By Kara Blomquist
Ragan Bedinger was not expected to survive the day she was born.
Ragan was born without skin or muscles in her stomach area. She has undergone more than 50 major surgeries in her 23 years of life.
She had a close call in second grade when an infection landed her in the ICU for months, according to a video online, “The Ragan’s HOPE Story.”
During this time, the doctors told Ragan’s parents that their daughter would die within a few hours, said Delena Stuart-Watson, Regan’s mother and founder and missions director of Ragan’s HOPE. After hearing this, Delena said she sat down and prayed.
“At that point, it was as if I could just hear his voice,” she said in the video. “God said, ‘Do you get it? I didn’t give Ragan to you because you were strong. I gave you Ragan to make you stronger. What are you going to do with it now? What are you going to do that will glorify me?’”
Delena said this is why she created Ragan’s HOPE.
“I’m happy to say that’s why we have Ragan’s HOPE today, is to bring him glory and to know that that’s what we need to be doing to support and help other families endure what they’re going through,” she said in the documentary.
Delena founded Ragan’s HOPE in October 2010. After going through the experience of raising a child with serious medical problems, she said she saw a need for long-term support for families with children who have severe medical issues.
Ragan’s HOPE stands for Helping Other Parents Endure & embrace the future. It is a nonprofit organization that serves families with sick children.
The organization has partnered with Baylor to help those families.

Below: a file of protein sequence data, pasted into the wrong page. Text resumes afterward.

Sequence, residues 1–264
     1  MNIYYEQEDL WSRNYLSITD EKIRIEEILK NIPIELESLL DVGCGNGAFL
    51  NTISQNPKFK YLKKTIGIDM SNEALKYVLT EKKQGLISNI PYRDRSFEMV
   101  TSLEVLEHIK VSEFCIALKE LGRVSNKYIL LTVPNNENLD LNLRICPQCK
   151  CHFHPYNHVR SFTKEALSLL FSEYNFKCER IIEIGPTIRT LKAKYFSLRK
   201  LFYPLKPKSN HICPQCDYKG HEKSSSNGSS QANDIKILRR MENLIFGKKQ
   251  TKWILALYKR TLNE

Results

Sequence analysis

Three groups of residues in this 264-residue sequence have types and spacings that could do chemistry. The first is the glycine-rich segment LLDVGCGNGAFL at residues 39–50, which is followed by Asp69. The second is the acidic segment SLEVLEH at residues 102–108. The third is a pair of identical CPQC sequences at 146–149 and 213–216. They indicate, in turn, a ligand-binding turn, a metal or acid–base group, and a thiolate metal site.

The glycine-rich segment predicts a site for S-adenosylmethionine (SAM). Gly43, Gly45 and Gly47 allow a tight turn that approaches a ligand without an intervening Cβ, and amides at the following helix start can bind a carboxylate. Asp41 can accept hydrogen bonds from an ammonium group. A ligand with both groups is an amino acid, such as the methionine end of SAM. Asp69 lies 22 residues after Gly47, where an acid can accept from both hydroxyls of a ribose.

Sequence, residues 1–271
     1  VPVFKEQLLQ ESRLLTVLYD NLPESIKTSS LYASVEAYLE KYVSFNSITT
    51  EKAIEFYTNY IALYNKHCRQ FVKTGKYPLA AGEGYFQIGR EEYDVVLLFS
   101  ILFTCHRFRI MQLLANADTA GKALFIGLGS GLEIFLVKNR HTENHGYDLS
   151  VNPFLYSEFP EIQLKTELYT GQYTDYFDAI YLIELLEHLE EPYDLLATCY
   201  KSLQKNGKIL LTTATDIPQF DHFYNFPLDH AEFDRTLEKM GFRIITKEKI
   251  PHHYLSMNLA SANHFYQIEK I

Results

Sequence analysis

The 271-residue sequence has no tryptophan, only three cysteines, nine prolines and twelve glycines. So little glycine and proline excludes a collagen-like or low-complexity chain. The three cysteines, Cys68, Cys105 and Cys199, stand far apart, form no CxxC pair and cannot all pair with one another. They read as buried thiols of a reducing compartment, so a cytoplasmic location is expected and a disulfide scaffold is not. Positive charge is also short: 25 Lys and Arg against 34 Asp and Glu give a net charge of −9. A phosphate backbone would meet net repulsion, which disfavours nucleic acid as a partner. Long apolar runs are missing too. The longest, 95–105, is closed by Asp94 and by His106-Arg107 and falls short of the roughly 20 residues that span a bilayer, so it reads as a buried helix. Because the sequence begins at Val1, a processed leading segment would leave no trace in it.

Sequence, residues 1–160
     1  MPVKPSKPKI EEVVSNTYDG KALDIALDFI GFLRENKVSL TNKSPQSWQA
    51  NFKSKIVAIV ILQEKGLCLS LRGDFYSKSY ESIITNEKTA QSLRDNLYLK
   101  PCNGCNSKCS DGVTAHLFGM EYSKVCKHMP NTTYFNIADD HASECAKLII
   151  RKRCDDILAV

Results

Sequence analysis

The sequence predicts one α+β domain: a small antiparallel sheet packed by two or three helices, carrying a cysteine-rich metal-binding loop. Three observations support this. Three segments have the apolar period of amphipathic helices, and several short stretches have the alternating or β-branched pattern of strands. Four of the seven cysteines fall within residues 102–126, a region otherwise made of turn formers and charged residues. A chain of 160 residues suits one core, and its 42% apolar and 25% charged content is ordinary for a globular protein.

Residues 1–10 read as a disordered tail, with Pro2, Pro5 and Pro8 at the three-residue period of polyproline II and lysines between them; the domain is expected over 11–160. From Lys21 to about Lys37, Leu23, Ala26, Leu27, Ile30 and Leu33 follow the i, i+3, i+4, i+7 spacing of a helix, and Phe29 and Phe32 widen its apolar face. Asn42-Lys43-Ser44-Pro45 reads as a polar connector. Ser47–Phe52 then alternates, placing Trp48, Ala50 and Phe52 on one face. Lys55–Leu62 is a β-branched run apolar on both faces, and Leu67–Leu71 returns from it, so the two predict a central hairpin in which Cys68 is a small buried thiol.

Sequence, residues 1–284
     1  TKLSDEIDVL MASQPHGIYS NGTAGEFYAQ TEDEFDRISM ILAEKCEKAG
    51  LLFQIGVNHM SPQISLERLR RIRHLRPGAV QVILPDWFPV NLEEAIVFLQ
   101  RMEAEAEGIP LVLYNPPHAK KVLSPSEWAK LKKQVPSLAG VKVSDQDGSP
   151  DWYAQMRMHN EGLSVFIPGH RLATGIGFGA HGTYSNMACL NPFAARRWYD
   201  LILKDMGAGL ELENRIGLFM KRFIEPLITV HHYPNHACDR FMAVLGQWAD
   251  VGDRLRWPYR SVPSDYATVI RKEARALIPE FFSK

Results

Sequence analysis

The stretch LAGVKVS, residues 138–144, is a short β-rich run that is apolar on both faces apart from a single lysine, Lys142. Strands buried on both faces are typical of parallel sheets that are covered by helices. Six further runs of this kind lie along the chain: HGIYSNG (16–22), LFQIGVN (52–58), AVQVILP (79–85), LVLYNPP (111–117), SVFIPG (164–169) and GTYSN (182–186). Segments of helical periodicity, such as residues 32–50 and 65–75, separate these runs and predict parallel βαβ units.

“Ragan’s HOPE is committed to helping parents of children with catastrophic illnesses or injuries endure the initial impact and embrace the future by providing financial, emotional and spiritual support, in the name of Christ,” according to the organization’s website.
Ragan’s HOPE is forming partnerships with more organizations as it expands across the nation, Jason Penland, fundraising coordinator of Ragan’s HOPE, said.
Part of the reason the nonprofit contacted Baylor is because both institutions share a similar faith background, he said.
“We’re a Christian-based foundation as well,” Penland said. “So it’s great when we have that in common. We’re serving others in the name of Christ.”
This is the first time Ragan’s HOPE has partnered with a university, said Erin Payseur, associate director for community-based learning in the Office of Community Engagement and Service.
“We’re not really sure what opportunities will be there, but we are obviously very supportive of their mission and the ministry that they do,” she said.
Randall Fowler, AmeriCorps Volunteers in Service to America member for community development, said he thinks the large pre-medical student population at Baylor would especially benefit from volunteering with Ragan’s HOPE. AmeriCorps VISTAs are people employed by the government to fight poverty.
“This is really a great opportunity for them to really get a better view of the human side of practicing medicine and understanding what these families are going through,” he said. “I think that could really be a beneficial aspect for them in particular.”
Penland said Ragan’s HOPE works to support families even when other communities have forgotten about them.
“After a surgery or two people have their lives,” Penland said. “They have to get on with things. They’re not going to call every day. They’re not going to bring you a meal every day, and that’s where Ragan’s HOPE kind of fills in those gaps.”
Penland said a lot of the volunteers are families who have a child with a serious medical condition but who aren’t in a time of need.
“It’s really inspiring to see families who go through so much to come out on the other side and become volunteers themselves,” he said. “It’s very rewarding. It’s wonderful.”
Penland has a child who has undergone 16 surgeries. He said Ragan’s HOPE has done a lot for his family and now he and his wife volunteer for the organization.
Penland said Ragan’s HOPE walks with the families on their journey with their child’s illness.
“We’re unique in that we don’t just provide meals or a prayer chain,” he said. “We do all those things, but there’s more. It’s really catered to what each family needs.”
Students can learn more about the nonprofit and what they can do as volunteers at an interest session at 6:30 p.m. Thursday at Martin House. Students who plan on attending should RSVP to Randall_Fowler@baylor.edu.